I recently read an article by Jenny Rough in the Washington Post.  It was titled, “Why it’s a real mistake to count on a cell phone when you go hiking

The article stressed the importance of learning how to use a compass and read a map.

It reminded me of a sailing trip I took from the Tonga to New Zealand.  It was two weeks at sea on a 31 ft Beneteau sailboat.  I was in a crew of five.  Although I had my day skipper certification from the New Zealand Yachting Federation, I was the least experienced member of the crew.

We had GPS but our skipper insisted that take our position readings from the sun.

We used a sextant, maps compass and a watch.  At midday we would, shoot the sun using the sextant.   The sextant was invented in 1731.  It hasn’t changed much since.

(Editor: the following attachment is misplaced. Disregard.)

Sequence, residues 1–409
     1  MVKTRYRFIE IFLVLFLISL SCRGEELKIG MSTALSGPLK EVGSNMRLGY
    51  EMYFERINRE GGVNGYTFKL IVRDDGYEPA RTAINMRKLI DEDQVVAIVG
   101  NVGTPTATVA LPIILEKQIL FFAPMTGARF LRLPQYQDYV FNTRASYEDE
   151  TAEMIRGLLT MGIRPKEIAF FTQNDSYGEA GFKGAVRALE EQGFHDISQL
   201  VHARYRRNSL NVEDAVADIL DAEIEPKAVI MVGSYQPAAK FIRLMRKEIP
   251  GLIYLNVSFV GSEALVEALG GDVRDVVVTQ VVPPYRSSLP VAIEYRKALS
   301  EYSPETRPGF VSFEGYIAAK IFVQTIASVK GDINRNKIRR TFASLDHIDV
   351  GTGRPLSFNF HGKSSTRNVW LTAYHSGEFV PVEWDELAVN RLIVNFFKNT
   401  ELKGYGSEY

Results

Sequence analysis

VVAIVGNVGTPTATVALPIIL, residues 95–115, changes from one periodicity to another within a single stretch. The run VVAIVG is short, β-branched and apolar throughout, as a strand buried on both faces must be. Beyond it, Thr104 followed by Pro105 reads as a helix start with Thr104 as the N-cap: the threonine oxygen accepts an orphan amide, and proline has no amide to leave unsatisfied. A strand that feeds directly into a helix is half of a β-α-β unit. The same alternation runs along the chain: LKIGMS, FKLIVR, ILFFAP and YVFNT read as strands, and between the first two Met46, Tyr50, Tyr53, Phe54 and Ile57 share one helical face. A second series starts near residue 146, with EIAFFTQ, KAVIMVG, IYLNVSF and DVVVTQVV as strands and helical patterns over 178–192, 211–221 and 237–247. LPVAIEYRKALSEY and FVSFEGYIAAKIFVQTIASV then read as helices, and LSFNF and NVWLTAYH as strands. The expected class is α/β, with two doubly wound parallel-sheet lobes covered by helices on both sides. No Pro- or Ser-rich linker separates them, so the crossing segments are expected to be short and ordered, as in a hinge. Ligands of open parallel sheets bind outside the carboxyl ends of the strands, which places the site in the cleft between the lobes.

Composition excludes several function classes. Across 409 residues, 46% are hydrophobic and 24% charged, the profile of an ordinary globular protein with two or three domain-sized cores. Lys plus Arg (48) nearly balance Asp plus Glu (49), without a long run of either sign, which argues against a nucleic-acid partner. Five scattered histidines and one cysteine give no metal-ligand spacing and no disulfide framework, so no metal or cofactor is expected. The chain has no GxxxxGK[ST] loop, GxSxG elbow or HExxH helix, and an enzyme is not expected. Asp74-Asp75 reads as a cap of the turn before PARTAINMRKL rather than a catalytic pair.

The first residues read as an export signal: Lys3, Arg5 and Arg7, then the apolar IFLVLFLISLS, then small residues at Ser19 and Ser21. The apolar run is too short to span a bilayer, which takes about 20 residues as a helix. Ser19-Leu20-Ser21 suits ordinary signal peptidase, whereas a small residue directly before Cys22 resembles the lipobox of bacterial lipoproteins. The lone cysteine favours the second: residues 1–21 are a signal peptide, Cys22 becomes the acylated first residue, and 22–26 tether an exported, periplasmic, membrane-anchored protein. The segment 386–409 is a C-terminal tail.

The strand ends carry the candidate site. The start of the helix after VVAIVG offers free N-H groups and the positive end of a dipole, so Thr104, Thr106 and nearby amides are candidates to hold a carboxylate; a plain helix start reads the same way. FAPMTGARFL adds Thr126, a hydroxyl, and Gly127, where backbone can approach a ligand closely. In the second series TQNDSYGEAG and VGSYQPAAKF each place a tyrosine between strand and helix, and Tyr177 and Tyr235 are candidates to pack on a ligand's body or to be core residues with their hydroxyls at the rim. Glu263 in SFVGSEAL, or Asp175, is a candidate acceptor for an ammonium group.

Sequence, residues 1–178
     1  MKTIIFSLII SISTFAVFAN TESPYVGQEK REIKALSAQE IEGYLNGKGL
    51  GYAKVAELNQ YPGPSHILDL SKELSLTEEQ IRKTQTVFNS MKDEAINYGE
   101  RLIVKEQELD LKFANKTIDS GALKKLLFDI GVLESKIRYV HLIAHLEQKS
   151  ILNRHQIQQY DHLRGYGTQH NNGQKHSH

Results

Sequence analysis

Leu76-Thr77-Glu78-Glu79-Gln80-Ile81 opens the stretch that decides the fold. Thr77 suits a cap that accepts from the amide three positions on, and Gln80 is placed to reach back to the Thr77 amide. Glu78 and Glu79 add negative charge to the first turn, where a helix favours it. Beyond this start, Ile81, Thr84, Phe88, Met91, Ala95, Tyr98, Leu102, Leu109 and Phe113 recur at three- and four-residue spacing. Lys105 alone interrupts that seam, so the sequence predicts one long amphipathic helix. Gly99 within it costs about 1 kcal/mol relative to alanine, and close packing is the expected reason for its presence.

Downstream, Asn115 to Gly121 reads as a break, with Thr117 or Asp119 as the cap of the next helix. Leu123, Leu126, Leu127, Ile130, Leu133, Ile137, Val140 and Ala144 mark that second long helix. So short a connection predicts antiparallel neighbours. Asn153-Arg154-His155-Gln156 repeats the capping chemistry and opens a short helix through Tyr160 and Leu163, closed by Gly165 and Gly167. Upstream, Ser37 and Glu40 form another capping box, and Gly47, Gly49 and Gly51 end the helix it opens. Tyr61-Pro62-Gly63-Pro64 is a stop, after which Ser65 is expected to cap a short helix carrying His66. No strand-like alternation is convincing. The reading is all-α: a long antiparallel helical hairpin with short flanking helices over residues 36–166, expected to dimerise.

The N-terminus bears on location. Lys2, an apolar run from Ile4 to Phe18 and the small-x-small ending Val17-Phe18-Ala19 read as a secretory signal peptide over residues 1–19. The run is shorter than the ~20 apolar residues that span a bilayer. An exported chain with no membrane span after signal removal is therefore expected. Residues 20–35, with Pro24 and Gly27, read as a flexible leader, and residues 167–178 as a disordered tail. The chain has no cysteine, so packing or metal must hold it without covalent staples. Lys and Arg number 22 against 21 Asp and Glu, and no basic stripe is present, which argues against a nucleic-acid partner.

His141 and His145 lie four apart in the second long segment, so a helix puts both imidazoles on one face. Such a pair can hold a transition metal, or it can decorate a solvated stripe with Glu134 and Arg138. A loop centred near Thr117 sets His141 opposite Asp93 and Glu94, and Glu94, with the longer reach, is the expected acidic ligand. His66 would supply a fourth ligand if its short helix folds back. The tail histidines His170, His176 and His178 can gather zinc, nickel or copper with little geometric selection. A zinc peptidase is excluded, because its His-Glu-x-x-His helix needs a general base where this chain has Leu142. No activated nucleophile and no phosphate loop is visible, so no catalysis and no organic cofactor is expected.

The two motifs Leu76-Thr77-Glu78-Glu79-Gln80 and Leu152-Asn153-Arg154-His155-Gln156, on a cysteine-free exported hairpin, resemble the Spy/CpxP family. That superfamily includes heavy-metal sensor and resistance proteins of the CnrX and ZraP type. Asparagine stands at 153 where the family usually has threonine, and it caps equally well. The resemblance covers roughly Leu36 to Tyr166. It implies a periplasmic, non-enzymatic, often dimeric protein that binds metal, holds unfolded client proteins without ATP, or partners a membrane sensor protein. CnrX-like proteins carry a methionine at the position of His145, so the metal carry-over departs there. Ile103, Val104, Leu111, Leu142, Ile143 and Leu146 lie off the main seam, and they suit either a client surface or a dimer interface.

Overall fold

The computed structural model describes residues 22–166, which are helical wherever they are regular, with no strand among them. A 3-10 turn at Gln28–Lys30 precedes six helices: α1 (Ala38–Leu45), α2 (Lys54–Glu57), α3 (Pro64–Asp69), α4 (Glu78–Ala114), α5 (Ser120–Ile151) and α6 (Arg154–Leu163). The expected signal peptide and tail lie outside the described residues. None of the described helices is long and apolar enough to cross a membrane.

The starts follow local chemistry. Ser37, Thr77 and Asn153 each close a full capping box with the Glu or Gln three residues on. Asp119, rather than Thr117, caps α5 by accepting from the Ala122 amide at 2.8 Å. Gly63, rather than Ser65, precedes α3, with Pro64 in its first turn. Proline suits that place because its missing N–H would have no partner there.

Photo Source: Wikipedia Public Domain

 

I suggested several times that ‘it would be fun to turn on the GPS in order to confirm our readings.’  He would not hear of it.

I never learned our margin of error, but we were accurate enough.   When our readings told us that we would see land the next day, sure enough, at sunrise we could see New Zealand on the horizon.

The story reminded me that technology is a great enabler, even a lifesaver, but we need to understand on our own how to get from A to B.

I am not sure if GPS has ever won over our skipper, but it was a great experience to shoot the sun every day at noon.

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